Many small businesses complain when confronted with the expense of complying with the Americans with Disabilities Act. Most do not realize that there are a number of tax incentives available to offset the costs. Importantly, one tax incentive comes in the form of a tax credit, which is far more valuable than a tax deduction when it comes to creating tax savings.
Disable Access Tax Credit
If you make your small business accessible to persons with disabilities, you can take an annual tax credit. Your business is eligible if you earned one million or less the previous year or had 30 or fewer employees. If you meet this test, you can claim a tax credit of 50 percent of your expenditures to a maximum of $5,000. Since this is a tax credit, it is deducted from your total tax liability.
To claim this tax credit your expenditures must be paid or incurred to enable your business to comply with the Americans with Disabilities Act. Expenditures might include:
1. Purchase of adaptive equipment or modification of equipment;
2. Production of print materials in alternate formats such as Braille or audio; and
3. Sign language interpreters for employees or customers.
Modifications to buildings or offices also qualify as long as two criteria are met. First, the modifications cannot be construction of something new. Second, the building must have been in service prior to November 5, 1990.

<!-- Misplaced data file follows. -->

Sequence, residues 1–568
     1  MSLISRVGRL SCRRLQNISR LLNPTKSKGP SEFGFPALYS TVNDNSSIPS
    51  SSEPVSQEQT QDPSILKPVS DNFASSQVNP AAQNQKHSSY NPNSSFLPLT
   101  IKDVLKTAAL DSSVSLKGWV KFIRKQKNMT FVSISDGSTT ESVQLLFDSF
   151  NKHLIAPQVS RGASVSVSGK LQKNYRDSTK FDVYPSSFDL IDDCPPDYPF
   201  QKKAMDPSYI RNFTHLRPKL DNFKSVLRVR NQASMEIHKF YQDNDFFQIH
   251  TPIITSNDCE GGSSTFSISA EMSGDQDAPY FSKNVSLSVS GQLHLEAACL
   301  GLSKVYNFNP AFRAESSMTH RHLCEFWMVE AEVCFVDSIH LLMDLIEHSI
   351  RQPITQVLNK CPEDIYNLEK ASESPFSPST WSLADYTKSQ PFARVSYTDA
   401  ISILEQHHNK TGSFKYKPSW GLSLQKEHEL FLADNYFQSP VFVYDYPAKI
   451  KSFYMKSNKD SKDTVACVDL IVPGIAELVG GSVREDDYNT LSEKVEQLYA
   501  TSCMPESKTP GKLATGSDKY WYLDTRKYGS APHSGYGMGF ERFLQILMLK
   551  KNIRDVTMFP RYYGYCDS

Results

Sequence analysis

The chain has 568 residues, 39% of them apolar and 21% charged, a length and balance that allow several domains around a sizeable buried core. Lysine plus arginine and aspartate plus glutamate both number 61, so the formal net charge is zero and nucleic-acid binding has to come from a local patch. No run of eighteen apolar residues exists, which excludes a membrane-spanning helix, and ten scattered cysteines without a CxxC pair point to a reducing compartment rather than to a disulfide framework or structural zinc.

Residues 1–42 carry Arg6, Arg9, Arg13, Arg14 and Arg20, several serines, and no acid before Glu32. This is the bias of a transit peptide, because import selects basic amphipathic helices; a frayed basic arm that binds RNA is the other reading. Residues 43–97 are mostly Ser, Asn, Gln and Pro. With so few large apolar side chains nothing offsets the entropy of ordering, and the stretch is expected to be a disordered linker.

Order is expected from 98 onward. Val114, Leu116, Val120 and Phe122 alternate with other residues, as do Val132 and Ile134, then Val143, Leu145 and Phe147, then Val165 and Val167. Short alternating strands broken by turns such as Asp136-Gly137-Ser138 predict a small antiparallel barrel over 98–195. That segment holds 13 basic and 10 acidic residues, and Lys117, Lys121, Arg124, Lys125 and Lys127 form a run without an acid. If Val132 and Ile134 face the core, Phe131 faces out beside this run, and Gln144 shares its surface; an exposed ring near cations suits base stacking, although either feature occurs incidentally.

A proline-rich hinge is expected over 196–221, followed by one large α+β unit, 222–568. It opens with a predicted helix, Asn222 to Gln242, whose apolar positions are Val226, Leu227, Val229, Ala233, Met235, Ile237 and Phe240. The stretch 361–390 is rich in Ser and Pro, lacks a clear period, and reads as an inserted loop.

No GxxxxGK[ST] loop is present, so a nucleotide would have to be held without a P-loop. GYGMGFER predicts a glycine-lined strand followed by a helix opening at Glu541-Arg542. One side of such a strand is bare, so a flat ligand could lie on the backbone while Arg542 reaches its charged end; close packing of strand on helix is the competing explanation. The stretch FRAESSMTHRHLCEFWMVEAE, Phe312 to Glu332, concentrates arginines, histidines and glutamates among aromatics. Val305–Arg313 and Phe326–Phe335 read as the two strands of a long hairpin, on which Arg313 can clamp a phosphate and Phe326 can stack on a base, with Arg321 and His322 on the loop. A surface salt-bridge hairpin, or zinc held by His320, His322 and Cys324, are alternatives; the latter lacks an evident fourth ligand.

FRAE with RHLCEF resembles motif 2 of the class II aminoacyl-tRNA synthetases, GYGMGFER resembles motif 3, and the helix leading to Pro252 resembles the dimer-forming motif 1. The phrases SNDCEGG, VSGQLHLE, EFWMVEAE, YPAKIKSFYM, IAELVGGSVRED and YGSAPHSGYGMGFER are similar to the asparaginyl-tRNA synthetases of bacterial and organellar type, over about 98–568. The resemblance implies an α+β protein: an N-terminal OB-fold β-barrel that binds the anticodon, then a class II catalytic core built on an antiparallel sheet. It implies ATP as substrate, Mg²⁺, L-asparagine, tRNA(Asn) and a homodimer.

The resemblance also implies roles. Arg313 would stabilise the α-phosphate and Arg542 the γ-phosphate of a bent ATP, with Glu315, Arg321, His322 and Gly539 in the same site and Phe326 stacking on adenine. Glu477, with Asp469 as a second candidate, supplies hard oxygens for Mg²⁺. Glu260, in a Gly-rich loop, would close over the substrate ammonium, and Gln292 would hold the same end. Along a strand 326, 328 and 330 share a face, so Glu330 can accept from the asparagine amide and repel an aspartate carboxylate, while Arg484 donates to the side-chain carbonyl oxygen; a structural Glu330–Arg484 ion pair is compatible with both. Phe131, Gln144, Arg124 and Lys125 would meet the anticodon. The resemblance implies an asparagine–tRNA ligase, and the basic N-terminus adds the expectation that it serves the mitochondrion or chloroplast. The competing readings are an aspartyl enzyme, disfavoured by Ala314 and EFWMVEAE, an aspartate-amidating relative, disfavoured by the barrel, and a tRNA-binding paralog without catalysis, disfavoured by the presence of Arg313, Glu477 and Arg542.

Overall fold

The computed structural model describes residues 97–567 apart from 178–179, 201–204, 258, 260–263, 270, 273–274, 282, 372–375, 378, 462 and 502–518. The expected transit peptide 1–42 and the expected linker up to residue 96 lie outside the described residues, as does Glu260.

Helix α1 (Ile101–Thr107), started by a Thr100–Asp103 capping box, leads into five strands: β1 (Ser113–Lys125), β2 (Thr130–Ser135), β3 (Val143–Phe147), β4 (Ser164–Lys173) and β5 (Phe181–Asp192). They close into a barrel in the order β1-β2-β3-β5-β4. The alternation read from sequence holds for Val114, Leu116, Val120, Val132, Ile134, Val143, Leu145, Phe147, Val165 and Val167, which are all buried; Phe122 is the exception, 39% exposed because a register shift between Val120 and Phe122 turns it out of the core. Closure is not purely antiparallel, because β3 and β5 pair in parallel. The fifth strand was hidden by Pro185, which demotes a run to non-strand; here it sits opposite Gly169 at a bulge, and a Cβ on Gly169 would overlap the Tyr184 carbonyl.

Barrier Removal Tax Deduction
All businesses can take a tax deduction for expenditures incurred to remove physical, structural or transportation barriers for disabled individuals in the work place. This tax deduction carries no restrictions in regard to revenues earned or number of employees. Businesses may claim up to $15,000 a year as a tax deduction. Expenditure amounts exceeding this amount may also be claimed, but are subject to depreciation calculations.
To claim the barrier removal tax deduction, your expenditures must be related to making a facility or vehicle accessible to disabled persons. Examples include:
1. Providing ramps and curb cuts;
2. Making restrooms accessible to persons in wheelchairs; and
3. Expanding the width of sidewalks to at least 48 inches.
Significant Tax Break
Small business owners can double their tax saving pleasure by claiming both of these tax incentives in the same tax year. If a small business spent $20,000 creating wheelchair access to an office, it could take a $5,000 tax credit and a $15,000 tax deduction.
These tax incentives are in place to significantly reduce the burden of complying with the Americans with Disabilities Act. If you failed to claim the credit or deduction during the last three tax filing years, you should file amended tax returns to get a refund.
Richard Chapo is CEO of
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